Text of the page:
In most women with elevated TSH who did not start treatment, repeat measurement was ≤4.00 mIU/L
MONDAY, June 1, 2020 (HealthDay News) — Current practice patterns relating to testing and management of thyroid-stimulating hormone (TSH) during pregnancy are associated with overdiagnosis and overtreatment of hypothyroidism, according to a study published online June 1 in CMAJ, the journal of the Canadian Medical Association.
Jennifer M. Yamamoto, M.D., from the University of Calgary in Alberta, Canada, and colleagues conducted a retrospective cohort study of pregnancies in Alberta to examine the frequency and distribution of TSH testing by gestational age as well as TSH values associated with treatment.
The researchers found that 59.2 percent of the 188,490 pregnancies had at least one TSH measurement. Gestational week 5 to 6 was the most common time for testing. Thyroid hormone therapy was initiated at a median of 7 gestational weeks. Among women with first TSH measurements of 4.01 to 9.99 mIU/L who were not immediately treated, in 67.9 percent of pregnancies, the repeat TSH measurement was 4.00 mIU/L or less. For 44.6 percent of women who started therapy during their pregnancy, thyroid hormone therapy was continued postpartum.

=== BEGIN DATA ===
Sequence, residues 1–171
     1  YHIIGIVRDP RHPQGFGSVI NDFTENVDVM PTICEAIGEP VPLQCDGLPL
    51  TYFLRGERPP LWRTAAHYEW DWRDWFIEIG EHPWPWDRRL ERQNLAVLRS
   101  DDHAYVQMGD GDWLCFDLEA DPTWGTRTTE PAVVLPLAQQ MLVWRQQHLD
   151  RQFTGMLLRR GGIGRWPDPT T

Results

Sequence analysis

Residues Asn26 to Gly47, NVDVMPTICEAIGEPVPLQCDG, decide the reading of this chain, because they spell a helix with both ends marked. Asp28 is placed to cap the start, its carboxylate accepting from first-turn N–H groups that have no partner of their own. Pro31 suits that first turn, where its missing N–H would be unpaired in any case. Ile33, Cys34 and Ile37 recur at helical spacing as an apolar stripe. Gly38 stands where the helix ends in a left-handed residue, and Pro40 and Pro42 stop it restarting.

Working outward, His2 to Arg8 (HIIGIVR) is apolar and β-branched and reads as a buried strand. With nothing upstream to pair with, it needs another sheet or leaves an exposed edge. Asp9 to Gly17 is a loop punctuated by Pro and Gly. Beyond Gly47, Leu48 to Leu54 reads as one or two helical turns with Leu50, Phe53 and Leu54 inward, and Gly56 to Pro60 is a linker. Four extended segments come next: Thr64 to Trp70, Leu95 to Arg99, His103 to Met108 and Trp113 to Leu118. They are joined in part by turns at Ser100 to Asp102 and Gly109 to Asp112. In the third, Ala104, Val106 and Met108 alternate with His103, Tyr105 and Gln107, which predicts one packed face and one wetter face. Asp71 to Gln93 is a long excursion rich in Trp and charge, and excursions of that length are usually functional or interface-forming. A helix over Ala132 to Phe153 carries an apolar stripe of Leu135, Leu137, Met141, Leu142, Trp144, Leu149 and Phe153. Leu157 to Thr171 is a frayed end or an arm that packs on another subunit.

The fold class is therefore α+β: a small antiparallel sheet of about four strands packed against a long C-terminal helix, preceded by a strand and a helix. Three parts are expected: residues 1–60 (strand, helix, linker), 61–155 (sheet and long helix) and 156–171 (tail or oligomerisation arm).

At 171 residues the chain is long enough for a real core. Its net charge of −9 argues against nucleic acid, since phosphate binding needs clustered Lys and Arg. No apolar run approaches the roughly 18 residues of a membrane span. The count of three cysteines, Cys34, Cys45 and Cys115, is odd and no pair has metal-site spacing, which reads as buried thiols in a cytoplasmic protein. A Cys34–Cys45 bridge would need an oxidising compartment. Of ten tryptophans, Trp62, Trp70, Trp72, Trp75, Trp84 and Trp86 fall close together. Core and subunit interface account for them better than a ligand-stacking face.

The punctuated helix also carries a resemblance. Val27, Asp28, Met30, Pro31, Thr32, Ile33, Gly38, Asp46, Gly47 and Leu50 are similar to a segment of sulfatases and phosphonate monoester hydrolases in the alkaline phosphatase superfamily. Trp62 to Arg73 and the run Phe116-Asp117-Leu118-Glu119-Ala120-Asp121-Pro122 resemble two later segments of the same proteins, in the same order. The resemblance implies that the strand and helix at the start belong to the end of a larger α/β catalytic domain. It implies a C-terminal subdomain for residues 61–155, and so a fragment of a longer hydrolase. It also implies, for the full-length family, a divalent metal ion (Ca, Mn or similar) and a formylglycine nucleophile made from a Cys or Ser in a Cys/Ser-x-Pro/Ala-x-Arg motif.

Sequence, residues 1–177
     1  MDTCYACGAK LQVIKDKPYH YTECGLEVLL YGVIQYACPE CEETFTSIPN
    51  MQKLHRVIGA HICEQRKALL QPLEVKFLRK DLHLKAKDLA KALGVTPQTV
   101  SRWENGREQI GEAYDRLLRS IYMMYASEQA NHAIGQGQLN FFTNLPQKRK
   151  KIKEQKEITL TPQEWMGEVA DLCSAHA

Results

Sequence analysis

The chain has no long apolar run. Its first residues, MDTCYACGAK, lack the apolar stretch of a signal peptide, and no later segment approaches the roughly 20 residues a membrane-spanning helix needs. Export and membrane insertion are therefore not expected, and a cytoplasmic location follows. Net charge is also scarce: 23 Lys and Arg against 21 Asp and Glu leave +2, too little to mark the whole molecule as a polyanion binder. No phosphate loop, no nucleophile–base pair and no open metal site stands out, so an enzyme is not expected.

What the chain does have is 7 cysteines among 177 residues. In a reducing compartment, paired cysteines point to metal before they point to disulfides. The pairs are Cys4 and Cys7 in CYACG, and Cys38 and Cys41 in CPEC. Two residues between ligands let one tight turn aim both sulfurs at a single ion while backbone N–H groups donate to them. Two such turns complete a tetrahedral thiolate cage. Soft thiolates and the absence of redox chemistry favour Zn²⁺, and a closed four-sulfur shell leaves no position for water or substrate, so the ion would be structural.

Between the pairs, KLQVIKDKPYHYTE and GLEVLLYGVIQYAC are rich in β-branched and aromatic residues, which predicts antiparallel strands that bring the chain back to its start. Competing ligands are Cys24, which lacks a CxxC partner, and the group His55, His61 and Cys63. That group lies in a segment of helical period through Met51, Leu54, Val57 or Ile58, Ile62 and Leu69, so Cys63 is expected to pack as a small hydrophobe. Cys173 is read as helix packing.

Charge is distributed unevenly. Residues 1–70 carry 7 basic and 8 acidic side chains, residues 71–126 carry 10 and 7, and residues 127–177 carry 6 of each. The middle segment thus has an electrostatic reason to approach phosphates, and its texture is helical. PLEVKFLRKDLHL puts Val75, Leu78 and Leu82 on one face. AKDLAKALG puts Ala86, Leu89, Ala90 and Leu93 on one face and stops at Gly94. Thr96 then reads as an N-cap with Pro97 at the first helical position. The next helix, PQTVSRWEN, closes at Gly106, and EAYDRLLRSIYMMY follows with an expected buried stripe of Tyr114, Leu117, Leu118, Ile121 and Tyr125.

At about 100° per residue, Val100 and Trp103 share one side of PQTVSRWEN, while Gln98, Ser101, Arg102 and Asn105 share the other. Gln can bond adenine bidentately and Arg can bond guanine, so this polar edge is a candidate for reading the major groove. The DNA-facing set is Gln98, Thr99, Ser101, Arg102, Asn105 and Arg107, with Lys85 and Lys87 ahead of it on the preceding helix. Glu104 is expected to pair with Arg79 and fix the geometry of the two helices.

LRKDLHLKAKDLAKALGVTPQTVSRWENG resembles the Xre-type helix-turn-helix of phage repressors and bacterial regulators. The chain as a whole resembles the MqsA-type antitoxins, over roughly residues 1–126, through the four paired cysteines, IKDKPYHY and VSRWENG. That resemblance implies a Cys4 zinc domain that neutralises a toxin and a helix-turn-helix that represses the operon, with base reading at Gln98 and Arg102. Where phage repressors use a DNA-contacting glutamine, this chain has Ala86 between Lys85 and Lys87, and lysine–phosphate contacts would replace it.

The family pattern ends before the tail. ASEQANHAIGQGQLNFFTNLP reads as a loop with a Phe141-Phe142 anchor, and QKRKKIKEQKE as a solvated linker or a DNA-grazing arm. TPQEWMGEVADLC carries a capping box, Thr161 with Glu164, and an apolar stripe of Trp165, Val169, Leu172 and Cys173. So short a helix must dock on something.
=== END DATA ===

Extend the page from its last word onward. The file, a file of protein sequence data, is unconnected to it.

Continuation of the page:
“The practice of TSH testing early in the first trimester may be resulting in overdiagnosis and unnecessary thyroid hormone therapy during and after pregnancy,” the authors write. “Clinical practice guidelines are needed to give clinicians a stepwise approach, based on the best existing evidence, for deciding whether and when TSH testing should occur.”
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